Student body president proposes new structure for executive branch

The executive branch of student government will propose a new structure of positions, affecting the class of 2026. Photo courtesy of Student Government

By Ana Ruiz Brictson | Staff Writer

Student government’s executive branch will be proposing a new structure for the organization on Tuesday and Wednesday, according to which officer positions may be removed, beginning with the freshman class of 2026.

Sierra Vista, Ariz., senior and student body president Gracie Kelliher has been working since fall 2020 to create a new structure for the executive branch. Her proposal relies on removing the freshman, sophomore and junior officer positions while continuing to have 13 student senators from each class in the team for class representation.

Kelliher has been working on a legislative proposal, which can be found here. She said the highlighted parts are the changes her team has made.

According to Kelliher, each class is responsible for specific tasks throughout the year.

“[The freshmen’s] job description is one philanthropic project, so that can be anything that they decide to do that year,” Kelliher said.

Sophomores used to be responsible for the Housing Fair, as they were most informed about housing since they moved off campus most recently. However, Baylor no longer directly oversees the Housing Fair and now relies on a third-party platform that helps connect students to landlords. As a result, sophomores are in charge of organizing the custodian banquet — an appreciation event for Baylor’s custodial staff.

Juniors help the student foundation with All-University Thanksgiving and organize the Sic Hunger Food Drive.

Lastly, seniors choose the senior class gift and work with the student foundation to fundraise and advertise what the senior class will give back to Baylor as its gift.

One of Kelliher’s major concerns was the indirect tie of the projects each class has to its class representation.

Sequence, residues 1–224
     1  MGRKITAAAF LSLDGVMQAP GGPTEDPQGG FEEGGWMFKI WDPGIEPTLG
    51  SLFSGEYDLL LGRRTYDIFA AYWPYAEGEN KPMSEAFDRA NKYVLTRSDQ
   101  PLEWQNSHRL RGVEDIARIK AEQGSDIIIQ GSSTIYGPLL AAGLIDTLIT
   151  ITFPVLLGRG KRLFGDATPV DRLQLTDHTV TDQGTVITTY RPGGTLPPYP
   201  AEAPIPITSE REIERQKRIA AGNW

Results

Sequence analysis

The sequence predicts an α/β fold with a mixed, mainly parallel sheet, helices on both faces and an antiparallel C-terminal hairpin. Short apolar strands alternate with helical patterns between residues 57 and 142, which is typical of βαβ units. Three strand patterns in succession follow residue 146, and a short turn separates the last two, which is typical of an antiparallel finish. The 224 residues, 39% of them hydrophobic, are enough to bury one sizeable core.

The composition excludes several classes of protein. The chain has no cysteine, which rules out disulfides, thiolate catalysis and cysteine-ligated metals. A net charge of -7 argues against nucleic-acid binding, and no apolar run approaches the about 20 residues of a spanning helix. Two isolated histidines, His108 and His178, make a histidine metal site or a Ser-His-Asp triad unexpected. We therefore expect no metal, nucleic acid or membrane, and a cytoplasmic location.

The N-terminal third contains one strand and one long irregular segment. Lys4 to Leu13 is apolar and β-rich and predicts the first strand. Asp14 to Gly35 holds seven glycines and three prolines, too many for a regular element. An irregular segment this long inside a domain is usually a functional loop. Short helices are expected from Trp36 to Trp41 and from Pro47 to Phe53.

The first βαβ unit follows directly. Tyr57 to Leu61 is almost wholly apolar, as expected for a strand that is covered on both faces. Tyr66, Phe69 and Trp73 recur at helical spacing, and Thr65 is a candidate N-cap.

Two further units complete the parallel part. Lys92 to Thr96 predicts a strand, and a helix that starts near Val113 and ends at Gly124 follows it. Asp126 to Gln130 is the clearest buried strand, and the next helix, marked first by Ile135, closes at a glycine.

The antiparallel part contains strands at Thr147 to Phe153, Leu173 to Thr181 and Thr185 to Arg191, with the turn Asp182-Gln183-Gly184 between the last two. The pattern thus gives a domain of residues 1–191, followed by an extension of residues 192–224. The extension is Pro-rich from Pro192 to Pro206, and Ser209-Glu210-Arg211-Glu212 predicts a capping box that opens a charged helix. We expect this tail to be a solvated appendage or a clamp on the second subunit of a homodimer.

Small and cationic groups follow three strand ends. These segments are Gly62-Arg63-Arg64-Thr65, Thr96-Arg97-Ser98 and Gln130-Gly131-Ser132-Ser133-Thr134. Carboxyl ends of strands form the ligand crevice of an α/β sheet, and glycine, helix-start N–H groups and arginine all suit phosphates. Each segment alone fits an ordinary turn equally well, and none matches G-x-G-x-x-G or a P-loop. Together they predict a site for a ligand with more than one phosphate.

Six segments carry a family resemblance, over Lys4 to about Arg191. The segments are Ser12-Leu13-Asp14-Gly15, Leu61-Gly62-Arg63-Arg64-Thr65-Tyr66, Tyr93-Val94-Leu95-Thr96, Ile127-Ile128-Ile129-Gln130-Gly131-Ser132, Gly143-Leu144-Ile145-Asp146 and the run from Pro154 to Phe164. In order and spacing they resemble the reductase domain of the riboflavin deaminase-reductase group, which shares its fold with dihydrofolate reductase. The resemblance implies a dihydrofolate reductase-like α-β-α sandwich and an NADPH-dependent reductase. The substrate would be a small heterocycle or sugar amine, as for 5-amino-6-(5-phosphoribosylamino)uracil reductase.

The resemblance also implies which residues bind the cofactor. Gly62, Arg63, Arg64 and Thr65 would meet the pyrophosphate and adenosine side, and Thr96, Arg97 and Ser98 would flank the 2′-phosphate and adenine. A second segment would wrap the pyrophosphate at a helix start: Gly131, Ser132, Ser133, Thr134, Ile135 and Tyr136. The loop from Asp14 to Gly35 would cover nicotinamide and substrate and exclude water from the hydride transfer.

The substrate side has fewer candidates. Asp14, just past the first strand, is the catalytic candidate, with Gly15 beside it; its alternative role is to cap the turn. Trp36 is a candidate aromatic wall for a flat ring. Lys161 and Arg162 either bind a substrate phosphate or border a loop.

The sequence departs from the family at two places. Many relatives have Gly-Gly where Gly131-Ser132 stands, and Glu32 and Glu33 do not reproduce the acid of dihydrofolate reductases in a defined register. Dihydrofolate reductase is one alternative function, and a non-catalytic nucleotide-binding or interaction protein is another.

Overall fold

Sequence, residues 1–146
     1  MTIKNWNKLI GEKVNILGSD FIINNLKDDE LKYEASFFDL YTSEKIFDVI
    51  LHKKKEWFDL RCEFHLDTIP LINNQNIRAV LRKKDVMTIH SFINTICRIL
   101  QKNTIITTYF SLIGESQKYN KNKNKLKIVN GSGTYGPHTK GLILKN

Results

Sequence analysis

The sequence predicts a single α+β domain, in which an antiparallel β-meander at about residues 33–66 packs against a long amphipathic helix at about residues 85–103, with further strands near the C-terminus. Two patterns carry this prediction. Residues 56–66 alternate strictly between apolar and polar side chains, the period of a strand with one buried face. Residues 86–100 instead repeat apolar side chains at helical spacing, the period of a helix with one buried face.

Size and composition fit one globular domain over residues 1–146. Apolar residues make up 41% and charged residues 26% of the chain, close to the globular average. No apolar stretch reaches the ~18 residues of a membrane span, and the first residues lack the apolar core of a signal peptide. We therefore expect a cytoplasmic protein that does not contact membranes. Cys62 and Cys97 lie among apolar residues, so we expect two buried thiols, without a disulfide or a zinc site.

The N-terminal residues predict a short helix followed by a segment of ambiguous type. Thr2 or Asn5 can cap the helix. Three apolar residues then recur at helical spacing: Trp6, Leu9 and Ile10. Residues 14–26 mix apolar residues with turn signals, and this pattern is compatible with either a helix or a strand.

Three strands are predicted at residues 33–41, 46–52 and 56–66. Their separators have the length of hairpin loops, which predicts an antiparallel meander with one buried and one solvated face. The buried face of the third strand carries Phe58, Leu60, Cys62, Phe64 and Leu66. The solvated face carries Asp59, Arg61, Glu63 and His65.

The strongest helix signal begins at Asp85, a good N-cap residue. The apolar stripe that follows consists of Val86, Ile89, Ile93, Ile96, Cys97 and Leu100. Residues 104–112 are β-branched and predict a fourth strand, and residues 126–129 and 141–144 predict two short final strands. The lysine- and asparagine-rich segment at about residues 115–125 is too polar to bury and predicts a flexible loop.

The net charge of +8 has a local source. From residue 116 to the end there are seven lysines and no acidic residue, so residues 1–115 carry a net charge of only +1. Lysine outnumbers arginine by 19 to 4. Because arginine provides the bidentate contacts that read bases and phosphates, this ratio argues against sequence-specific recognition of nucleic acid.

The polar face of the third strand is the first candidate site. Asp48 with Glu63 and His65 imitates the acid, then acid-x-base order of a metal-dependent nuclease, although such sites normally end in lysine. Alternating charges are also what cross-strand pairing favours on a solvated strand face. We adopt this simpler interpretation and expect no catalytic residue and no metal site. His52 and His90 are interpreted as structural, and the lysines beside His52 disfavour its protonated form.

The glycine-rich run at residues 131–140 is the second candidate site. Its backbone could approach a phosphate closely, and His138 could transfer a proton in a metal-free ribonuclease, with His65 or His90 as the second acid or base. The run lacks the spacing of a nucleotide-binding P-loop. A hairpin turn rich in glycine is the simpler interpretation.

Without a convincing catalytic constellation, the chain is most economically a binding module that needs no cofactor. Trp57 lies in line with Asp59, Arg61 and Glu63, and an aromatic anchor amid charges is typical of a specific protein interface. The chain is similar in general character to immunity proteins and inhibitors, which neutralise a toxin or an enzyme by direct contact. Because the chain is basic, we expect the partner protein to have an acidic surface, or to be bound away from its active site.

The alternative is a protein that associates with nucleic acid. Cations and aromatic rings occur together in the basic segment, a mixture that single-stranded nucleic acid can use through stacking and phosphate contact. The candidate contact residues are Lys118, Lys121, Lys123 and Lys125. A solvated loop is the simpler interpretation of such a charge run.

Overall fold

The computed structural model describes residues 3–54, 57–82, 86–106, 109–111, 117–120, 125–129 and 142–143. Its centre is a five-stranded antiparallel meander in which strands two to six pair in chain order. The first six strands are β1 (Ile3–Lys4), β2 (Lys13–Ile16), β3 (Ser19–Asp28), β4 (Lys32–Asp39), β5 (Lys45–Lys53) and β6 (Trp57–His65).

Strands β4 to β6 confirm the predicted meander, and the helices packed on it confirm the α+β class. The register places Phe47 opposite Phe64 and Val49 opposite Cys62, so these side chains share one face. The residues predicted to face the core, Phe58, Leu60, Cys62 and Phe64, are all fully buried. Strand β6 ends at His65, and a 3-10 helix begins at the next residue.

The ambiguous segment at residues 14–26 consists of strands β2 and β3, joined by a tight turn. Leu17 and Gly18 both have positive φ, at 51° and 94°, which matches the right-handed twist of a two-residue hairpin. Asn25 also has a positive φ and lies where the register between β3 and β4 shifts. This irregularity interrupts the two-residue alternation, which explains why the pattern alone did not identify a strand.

“That doesn’t mean that they’re not important,” Kelliher said. “But it does mean, are we using these positions the most efficiently that we can?”

Kelliher said one of her goals for this year was to create a more efficient and streamlined organization that is centered on its mission.

“Our mission is advocating for students,” Kelliher said. “It’s being representative and advocating on what students need and want to administration.”

According to Kelliher, her plan to remove class officer representation for freshmen, sophomores and juniors will not take full effect until 2026, when all current classes have graduated from Baylor.

Kelliher said if the proposal were to be voted in favor of by students, the incoming freshman class would no longer have class officers.

“This is no one’s fault,” Kelliher said. “No one that’s had the position has done anything wrong. It’s just the structure hasn’t served them or facilitated an environment where they can thrive as representatives.”

Kelliher said she has been asking all class officers for their thoughts, and they have expressed to her that they believe it is a good idea.

“It passed the Senate unanimously, which is huge,” Kelliher said. “Nobody voted against it.”

Cypress sophomore and sophomore class president Collin Bass said when he served as freshman class president, there wasn’t much for him to do.

“It’s just kind of sad that there’s nothing for us to do, but even though we want to do stuff, there’s just no specific action to be taken,” Bass said.

According to Kelliher, no other school in the Big 12 has class officers within its student government.

Kelliher said when there are two people in officer positions, it won’t be overwhelming for them to handle all tasks that all class officers currently take care of.

Bass said it is not time consuming to plan an event like the custodian banquet. Additionally, he said all responsibilities are held during different times throughout the year, meaning tasks will not be overwhelming for the senior officers in charge by 2026.

“Right now, we have all class officers doing their one project, and then there’s really no other involvement because we’re not involved in Senate, and then we go to the meetings and there’s nothing for us to share,” Bass said. “It’s just kind of like, why are we even here in the first place?”

Bass said it will be good for two officers to take responsibility on all class projects because it will give them enough work to do throughout the year rather than having periods of time when they aren’t involved.

Kelliher said she wants to emphasize that the point of this restructuring is not to take away students’ voices or minimize their current representation.

“I just think that knowing student government’s purpose and how it functions in advocating to administration, you only get so many opportunities to do that,” Kelliher said. “It has to be really streamlined and organized, and the goal for this is to do just that.”